Driverless Truck Innovator TuSimple: Not As Strong As Some Think

  • TuSimple (TSP) is the first listed firm in the autonomous driving space.
  • Its business model implements B2B SaaS to improve per mile costs to increase efficiency.
  • We evaluate TSP with multiple risks in technology, competition and regulation.
  • We estimate the company's value at between USD 4.2 billion to USD 5.2 billion, 40% lower than the current 7.8 billion.
  • TSP is a speculative stock due to its technological uncertainty.

Inception and funding

Even though it was the first listed company in this field, TSP is not the first company running road tests with autonomous trucks. Another pioneer, Starsky Robotics, did that even earlier, but this startup failed from a lack of funding in March 2020. In contrast, founded in 2015, TSP accumulated more capital in China and raised a total of USD 648.1 million in over 11 rounds of funding before its IPO, including proceeds from shipping giant UPS, truck manufacturers Navistar and Trapton.

The success of TSP is indispensable to mutual efforts from both of its China and US management, which has a rather large percentage of Americans so that people first thought TSP was a US company. Its two founders Mo Chen and Xiaodi Hou are serial entrepreneurs and professionals in AI. Xiaodi Hou holds a few key patents in this industry. Other directors have abundant experience in the US truck sector. TSP is running a fleet consisting of 70 trucks that are sporadically applied in the US and China with a ratio of 5:2, as of April 2021, with over 2.8 million miles of the road test.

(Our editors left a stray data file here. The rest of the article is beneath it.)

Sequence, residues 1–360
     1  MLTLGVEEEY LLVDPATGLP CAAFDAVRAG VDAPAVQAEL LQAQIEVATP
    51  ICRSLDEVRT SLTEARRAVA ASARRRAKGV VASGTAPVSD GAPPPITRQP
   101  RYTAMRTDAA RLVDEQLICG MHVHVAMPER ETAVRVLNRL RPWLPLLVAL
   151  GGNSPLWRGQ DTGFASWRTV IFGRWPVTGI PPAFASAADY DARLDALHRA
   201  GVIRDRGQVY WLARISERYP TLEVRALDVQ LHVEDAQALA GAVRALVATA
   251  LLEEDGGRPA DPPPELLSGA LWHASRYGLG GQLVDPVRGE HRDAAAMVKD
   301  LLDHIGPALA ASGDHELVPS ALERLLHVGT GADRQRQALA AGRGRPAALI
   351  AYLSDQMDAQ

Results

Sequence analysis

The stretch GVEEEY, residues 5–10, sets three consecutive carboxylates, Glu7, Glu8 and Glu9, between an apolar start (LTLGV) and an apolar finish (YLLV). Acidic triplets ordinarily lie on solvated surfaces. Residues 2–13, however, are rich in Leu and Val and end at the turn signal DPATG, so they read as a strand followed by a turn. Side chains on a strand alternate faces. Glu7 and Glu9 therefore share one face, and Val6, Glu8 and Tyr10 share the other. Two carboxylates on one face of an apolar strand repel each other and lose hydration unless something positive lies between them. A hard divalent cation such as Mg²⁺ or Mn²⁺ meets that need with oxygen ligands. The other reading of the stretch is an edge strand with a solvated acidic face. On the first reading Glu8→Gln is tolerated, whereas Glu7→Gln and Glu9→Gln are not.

Business model: Demand and supply

Autonomous trucking services can help to solve the current structural problems of US truck transportation. The sector historically has a low-profit margin with high costs of labor, fuel, administration and equipment. According to the founder of Starsky Robotics, Stefan Seltz-Axmacher, because of a scattered supply, 8% of the company's profit margin results from running a trucking company in the US. Another major hurdle for these companies is that it is hard to find truckers, especially drivers for long-haul trips. Drivers averagely spend 3.5 weeks per month inside their cars. To compensate for their hard efforts and time, shippers and carriers need to pay drivers with a competitive salary, which means more costs to the truck companies. This dilemma is even worse amid the thriving of e-commerce, along with increased demand for truck delivery.

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